Nov 14, 2010
The Genre Landscape - Epic Fantasy
Labels: Genre Landscape
Imagine if you will a world of different kingdoms and nations. Fine. Yes, ours is a world of kingdoms and nations. Then imagine a different set of kingdoms and nations, one ruled not by politicians, kings, and tyrants but rather by (hopefully not so tyrannical) authors. Authors who rule over continents of genre - fantasy, science fiction, horror. Within each continent are kingdoms and nations that mark the various subcategories of each collective style. Their borders are poorly defined, particularly in the mountains and valleys where the continents meet. Borderlands are often claimed by more than one nation and some others wouldn't have it any other way. New nations form every year, others fade away. Some declare independence but are largely ignored. Others have many citizens but no ruler. This world has produced storied kings - Tolkien, Asimov, Lovecraft, Clarke, Wells, Dick, Lewis, and many more - authors whose stories have sadly been concluded and deemed worthy of becoming legend. Some kings and queens still remain - Le Guin, King, Pohl, Hamilton, Pratchett, Martin. But even as the old lords fade a way, the nations remain strong as enterprising new nobles rise up to protect and expand the empires they grew up in. Some author traverse the genre landscape, refusing to settle in one place, while others carve out specific kingdoms they spend their entire careers building. Other authors ascend to the noble heavens of literature. Sadly an even greater number dabble in the dark graphic arts trading their words for mere pictures in the colorful world below. This great world is limited only by imagination and what the human mind can put into words. Let's explore, shall we?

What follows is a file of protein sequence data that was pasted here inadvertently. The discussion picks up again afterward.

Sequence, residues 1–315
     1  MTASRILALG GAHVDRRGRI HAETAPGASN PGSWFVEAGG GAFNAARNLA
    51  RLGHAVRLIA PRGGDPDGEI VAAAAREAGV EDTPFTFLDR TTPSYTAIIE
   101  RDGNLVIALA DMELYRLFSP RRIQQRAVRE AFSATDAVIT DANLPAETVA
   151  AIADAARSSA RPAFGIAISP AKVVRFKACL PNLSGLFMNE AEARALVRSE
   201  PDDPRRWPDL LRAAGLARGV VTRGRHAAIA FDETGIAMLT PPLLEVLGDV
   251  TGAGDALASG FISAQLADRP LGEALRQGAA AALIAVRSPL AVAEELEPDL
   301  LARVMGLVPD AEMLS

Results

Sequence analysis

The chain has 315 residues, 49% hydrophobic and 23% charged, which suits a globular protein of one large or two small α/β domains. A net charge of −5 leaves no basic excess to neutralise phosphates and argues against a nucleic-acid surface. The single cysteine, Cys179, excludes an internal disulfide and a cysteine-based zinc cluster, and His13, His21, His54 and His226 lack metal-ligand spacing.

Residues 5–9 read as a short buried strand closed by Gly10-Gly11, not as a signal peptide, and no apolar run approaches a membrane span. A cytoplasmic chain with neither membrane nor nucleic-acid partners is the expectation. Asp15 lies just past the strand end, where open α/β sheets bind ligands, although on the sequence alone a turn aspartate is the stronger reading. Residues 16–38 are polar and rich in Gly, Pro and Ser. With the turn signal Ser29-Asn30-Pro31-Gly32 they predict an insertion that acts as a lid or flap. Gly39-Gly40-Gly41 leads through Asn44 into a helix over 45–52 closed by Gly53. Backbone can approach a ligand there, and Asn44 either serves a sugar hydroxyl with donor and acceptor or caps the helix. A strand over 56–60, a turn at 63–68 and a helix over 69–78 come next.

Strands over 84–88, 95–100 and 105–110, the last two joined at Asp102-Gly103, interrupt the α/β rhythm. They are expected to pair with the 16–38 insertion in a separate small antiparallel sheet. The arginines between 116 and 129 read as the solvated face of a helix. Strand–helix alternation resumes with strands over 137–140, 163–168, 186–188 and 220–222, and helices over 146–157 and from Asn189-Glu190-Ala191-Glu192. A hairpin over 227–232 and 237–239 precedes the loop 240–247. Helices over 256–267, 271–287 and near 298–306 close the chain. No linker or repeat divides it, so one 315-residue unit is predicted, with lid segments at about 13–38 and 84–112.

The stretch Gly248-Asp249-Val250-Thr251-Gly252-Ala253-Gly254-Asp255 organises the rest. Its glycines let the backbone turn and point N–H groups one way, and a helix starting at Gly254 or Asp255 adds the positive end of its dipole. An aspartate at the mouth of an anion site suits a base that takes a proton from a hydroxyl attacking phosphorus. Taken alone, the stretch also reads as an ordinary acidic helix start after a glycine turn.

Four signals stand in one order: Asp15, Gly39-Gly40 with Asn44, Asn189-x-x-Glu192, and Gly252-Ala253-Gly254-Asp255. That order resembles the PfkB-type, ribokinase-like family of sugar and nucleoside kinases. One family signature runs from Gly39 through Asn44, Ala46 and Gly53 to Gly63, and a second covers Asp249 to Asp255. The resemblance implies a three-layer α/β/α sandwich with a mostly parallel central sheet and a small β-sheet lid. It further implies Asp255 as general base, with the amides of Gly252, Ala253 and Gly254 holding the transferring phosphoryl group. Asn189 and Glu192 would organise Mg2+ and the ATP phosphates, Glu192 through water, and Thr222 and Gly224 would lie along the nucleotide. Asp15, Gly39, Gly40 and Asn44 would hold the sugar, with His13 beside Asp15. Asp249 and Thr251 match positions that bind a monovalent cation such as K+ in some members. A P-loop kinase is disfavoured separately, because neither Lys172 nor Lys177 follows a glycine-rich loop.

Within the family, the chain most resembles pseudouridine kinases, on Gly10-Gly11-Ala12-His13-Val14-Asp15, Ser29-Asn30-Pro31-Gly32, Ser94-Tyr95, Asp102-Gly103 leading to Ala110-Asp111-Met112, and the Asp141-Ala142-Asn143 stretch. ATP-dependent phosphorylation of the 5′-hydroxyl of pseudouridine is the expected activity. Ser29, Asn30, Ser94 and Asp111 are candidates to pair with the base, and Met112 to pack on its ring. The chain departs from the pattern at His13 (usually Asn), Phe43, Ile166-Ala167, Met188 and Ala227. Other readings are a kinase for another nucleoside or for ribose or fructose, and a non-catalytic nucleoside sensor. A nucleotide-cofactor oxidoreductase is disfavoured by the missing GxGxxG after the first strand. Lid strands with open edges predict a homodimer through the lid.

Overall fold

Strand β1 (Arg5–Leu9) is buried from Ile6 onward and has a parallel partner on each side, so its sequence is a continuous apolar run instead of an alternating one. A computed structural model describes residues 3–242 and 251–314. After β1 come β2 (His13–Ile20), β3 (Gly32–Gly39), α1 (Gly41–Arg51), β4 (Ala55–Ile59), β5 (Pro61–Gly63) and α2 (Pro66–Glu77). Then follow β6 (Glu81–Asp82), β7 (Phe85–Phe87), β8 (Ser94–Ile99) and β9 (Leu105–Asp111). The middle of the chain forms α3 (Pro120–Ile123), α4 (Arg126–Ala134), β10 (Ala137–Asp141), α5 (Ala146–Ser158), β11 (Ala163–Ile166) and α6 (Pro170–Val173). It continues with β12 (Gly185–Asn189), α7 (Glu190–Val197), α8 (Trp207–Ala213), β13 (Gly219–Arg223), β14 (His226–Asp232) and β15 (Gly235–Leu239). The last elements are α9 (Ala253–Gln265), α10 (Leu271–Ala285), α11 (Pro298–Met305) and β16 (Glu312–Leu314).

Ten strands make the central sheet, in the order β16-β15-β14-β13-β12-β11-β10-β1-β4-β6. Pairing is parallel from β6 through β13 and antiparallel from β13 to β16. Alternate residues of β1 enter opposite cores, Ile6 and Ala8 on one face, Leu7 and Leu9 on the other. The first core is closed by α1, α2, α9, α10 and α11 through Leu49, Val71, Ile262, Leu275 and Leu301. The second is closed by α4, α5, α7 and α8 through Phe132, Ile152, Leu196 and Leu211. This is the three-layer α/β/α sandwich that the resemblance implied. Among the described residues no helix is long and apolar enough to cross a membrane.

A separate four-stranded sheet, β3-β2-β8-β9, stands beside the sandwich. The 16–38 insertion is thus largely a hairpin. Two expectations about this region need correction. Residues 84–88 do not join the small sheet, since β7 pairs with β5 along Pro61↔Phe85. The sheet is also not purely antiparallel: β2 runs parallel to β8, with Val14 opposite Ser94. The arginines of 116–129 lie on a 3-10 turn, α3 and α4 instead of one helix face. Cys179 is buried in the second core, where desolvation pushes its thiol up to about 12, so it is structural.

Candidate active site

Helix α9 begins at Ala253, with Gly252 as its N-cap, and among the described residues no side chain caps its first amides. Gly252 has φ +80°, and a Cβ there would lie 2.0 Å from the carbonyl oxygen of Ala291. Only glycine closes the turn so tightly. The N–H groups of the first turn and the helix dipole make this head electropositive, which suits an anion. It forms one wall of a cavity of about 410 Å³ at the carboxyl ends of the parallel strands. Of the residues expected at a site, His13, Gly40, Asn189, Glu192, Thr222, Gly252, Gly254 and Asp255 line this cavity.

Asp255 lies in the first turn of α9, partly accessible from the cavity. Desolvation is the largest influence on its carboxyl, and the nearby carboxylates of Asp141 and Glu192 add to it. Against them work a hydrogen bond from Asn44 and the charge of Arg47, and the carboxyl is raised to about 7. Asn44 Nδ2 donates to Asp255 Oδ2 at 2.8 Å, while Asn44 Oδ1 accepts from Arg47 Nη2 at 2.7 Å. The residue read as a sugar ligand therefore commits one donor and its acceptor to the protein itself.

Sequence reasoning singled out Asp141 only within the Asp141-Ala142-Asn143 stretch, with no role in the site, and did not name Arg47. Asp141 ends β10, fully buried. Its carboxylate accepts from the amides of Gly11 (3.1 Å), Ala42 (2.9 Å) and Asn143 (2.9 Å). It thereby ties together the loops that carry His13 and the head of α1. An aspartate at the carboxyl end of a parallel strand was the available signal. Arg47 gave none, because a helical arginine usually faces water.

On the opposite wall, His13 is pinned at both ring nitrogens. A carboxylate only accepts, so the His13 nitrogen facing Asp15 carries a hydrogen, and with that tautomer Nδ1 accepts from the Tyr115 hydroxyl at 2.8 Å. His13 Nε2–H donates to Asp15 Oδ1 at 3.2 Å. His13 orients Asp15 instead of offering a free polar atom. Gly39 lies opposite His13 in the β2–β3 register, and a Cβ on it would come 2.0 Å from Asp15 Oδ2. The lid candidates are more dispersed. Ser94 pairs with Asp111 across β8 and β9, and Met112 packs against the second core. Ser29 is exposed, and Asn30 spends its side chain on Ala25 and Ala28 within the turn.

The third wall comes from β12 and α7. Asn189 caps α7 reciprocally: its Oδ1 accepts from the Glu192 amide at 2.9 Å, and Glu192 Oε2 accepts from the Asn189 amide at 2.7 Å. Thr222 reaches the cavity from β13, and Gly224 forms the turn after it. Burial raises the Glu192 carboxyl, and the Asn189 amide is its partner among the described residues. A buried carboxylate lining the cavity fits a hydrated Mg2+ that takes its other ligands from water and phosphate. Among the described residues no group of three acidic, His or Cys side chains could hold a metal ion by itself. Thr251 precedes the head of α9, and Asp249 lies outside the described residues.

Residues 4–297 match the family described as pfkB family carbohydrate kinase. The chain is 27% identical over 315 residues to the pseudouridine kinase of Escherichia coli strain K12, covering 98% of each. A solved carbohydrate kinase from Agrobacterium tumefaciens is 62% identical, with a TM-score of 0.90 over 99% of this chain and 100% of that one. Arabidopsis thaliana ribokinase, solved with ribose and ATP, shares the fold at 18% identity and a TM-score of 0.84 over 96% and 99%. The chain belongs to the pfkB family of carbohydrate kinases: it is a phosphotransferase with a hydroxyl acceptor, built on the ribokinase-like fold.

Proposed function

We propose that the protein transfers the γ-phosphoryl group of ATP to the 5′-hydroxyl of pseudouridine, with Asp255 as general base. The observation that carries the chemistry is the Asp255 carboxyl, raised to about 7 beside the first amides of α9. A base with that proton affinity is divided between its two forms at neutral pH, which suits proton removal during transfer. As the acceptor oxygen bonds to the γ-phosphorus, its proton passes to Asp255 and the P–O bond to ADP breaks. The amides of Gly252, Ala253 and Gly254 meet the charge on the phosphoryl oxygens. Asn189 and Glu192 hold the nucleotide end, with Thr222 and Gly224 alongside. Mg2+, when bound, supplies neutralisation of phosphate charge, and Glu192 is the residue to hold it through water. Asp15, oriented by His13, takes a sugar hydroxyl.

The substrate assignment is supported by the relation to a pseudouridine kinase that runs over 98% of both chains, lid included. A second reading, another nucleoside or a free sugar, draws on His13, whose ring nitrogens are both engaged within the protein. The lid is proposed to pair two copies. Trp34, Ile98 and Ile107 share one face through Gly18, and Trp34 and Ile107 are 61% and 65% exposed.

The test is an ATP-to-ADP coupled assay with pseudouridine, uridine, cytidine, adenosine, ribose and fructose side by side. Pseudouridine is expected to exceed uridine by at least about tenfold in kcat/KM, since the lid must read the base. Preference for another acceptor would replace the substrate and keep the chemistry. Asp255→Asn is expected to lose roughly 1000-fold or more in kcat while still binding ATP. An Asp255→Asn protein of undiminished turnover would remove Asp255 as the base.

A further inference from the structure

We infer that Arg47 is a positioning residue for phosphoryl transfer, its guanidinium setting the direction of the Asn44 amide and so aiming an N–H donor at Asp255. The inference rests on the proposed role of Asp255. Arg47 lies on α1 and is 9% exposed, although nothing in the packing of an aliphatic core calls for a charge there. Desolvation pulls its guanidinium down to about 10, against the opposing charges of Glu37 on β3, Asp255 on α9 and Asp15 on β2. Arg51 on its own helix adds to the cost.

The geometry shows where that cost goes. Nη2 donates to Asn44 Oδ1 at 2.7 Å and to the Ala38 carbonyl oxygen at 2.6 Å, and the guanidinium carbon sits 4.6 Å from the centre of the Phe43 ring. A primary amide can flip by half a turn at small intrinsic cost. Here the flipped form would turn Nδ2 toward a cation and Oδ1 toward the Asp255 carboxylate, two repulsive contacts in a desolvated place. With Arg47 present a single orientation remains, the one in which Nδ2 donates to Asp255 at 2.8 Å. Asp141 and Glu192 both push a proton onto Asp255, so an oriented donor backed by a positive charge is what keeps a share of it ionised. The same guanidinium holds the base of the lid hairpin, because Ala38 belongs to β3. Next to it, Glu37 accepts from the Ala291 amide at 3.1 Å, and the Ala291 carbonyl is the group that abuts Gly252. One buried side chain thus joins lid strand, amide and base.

Today we focus in on the continent of Fantasy. Fantasy was originally little more than a series of small coastal towns filled with talking animals and imaginary gods. There were few inhabitants and even less respect. Then came the first king of Fantasy. The simple scholar Tolkien wielded Christian allegory like Excalibur and defined a kingdom of Epic proportions. King Tolkien unified countless elements under his rule and created new lands where none had previously existed.
Even as Tolkien carved his empire from the limitless realms of imagination, it became clear that there was simple too much territory to be explored by a single man or to be ruled by a single king. As such, the legendary crown of Tolkien was passed on to a series of lesser nobles. The greatest of these, men like High Lords Eddings and Brooks were faithful stewards of Tolkien's most developed lands but failed to explore or expand the greater kingdom significantly.